Outside media coverage of Mill Creek MetroParks

Ford Nature Center reopens

After picking up a small fishing rod and line, Nico Rogers didn’t catch any trout or bass, but he did reel in much excitement and anticipation.

“I think it’s amazing and extraordinary,” Nico, 9, of Boardman, said. “You can teach kids about nature. It feels great because there are so many new things, and things to experiment with.”

The Boardman Center Middle School student was referring to the reopened Ford Nature Center on Old Furnace Road in Mill Creek Park, which was the site of a ribbon-cutting ceremony and open house Saturday.

The event also coincided with Earth Day.

The stately building, which was constructed in 1913 and became a nature center in the early 1970s, closed in February 2020 to undergo about $4 million in renovations — work that was ongoing through the COVID-19 pandemic.

Many of the changes and additions left an impression on Nico, whose regular interactions with the park include playing sports and birdwatching.

“What a gift to give to the community,” the boy’s mother, Melissa Rogers, said.

In addition to adding new features, a top priority of the project was to rehabilitate and preserve many of the original historic and architectural components, Justin Rogers, the park’s planning and operations director, noted.

Rogers also is Nico’s father.

New portions include a large, bright and airy exhibition hall on the lowest level, two multi-use classrooms in the education building next door and a rooftop garden, Justin Rogers explained. The renovations also entail a history room, a gift shop, two outdoor classrooms, the paved Axtman Trail and a new conference room and offices for teachers and staff to plan educational programs.

Rogers also thanked the hundreds of people who donated money, time and talents to the project.

“We’re thrilled to have it finally finished and have it be an asset to the community for generations to come,” Aaron Young, Mill Creek MetroParks’ executive director, said.

Young noted that $3 million of the $4 million for the project came from private philanthropy, and the rest from Mill Creek MetroParks.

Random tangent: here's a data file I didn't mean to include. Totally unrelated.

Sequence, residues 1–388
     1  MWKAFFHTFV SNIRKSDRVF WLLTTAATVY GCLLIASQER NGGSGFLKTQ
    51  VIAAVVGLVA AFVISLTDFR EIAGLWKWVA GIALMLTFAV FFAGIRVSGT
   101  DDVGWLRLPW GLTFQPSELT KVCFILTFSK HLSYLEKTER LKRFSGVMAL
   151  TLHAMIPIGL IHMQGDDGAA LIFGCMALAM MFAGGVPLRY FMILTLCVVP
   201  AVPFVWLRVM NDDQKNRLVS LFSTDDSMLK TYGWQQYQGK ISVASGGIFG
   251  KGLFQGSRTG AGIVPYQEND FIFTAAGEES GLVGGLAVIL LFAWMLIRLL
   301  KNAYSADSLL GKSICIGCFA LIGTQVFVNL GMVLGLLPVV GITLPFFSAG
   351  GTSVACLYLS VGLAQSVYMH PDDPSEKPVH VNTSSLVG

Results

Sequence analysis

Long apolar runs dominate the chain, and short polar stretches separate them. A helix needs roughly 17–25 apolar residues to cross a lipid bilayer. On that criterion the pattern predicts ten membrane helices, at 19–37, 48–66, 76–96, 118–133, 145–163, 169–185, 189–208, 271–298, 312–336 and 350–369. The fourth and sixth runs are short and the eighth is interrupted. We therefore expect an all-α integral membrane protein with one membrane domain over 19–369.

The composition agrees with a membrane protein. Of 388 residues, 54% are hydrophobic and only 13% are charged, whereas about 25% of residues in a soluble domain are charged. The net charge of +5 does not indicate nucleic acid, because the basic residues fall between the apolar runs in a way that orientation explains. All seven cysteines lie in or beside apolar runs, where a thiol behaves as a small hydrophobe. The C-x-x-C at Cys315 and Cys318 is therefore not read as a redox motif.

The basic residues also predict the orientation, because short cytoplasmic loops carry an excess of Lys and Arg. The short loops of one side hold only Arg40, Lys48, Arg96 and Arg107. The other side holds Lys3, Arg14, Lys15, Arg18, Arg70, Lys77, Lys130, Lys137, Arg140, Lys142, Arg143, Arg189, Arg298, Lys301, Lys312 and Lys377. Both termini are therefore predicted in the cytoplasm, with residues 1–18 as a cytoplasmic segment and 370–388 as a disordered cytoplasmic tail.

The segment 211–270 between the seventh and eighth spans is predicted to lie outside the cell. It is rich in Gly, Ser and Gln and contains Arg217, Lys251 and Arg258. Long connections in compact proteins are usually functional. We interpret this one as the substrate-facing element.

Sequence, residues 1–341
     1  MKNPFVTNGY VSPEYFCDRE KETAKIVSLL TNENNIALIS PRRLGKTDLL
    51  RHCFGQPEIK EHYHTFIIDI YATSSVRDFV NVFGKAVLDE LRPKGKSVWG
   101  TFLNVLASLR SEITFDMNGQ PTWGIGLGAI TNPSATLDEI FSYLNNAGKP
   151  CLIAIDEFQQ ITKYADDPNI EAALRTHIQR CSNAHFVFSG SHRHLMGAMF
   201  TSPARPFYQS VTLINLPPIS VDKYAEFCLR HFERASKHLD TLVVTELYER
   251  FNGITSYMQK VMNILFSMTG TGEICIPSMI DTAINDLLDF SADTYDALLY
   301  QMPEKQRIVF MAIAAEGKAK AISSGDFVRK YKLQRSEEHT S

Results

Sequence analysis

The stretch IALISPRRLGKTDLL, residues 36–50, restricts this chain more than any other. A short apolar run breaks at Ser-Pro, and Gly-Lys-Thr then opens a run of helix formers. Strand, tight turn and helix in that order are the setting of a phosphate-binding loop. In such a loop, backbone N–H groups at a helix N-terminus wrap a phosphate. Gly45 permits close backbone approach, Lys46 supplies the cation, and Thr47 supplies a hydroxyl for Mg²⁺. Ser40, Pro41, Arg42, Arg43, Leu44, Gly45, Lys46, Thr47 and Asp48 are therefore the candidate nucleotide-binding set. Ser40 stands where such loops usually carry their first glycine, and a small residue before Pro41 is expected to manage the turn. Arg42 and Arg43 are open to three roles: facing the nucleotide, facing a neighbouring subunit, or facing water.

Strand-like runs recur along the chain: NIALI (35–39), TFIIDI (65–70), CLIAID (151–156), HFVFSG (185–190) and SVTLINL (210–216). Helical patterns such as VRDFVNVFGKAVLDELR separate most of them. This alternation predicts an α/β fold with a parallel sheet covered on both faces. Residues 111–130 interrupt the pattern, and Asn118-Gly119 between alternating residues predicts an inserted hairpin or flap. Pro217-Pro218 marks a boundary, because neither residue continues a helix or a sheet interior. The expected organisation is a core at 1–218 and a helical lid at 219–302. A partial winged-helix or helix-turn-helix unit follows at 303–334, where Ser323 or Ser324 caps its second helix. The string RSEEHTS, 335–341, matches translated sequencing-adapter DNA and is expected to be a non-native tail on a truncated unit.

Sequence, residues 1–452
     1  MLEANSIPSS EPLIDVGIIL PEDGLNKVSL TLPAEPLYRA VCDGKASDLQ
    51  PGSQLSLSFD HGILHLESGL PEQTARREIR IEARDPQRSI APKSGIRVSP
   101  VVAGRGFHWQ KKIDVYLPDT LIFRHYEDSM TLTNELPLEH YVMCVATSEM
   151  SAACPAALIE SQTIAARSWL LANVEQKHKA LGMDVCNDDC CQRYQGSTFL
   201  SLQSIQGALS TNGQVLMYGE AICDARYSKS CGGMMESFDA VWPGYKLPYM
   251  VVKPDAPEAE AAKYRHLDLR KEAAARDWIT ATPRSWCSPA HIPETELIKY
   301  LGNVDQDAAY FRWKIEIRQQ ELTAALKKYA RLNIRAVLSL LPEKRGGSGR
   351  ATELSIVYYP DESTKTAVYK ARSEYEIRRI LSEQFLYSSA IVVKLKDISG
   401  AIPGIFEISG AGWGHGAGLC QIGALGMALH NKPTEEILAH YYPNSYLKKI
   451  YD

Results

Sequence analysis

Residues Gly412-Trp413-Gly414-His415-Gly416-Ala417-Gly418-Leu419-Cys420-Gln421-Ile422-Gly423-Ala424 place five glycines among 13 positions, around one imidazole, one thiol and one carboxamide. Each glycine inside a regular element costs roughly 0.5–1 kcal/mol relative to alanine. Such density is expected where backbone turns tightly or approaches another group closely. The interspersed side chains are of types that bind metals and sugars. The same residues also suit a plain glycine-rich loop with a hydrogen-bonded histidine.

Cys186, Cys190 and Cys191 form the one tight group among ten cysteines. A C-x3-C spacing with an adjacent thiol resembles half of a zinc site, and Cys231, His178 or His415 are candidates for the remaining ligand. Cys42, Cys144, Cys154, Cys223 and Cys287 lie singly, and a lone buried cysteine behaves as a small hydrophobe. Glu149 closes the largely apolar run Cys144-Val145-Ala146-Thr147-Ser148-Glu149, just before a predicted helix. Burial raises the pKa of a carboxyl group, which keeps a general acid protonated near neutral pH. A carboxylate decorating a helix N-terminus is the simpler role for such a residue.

The exhibition hall area, which looks out onto a wildflower meadow and hiking trails, features an array of high-tech, interactive exhibits and poster boards that include information on different native trees, the wetlands area, the Mill Creek Watershed and park geology. Also in the room is an exhibit about Volney Rogers, the well-known lawyer who was pivotal in transforming the park in the late 1800s.

Adding to the overall greenery is the Green Roof Plaza, which has a square garden filled with small-leafed succulents and sedums, hydrangeas and rhizomes, and requires little maintenance. The garden was carefully crafted with rubber layers for additional protection and needs proper drainage, Brian Keith, the park’s operations supervisor, explained.

The square plot also is a microcosm of the Living Roof, a 454,000-square-foot drought-resistant garden atop the Ford Motor Co.’s Rouge Center in Dearborn, Mich., Keith noted.

“To me, it’s just a place for relaxation,” Nancy Brundage said about Nancy’s Nook, a small window-filled room that overlooks a few hiking trails as well as the wildflower meadow and several bird feeders and boxes at the rear of the nature center.

The space was named in honor of Brundage, who was one of the nature center project’s initial donors and who began volunteering for the park in the mid-1980s. For 27 years, she has conducted bird and nature walks; her volunteer efforts also have included booking school groups and answering calls, and she still serves as a volunteer naturalist, Brundage said.

Also happy with the reopening was Eric Cromwell of Poland, who worked three or four years as an attendant at the original Ford Nature Center.

“I’m glad to see they kept a lot of the historical nature of the house,” said Cromwell, who earned a degree in natural resources from Hocking College in Nelsonville.

Also on hand Saturday was Ed Komara, who runs a traveling reptile educational program called Komara Outdoors. Komara had in one of the indoor classrooms an exhibit that included a 120-pound alligator snapping turtle, a leopard tortoise and other animals.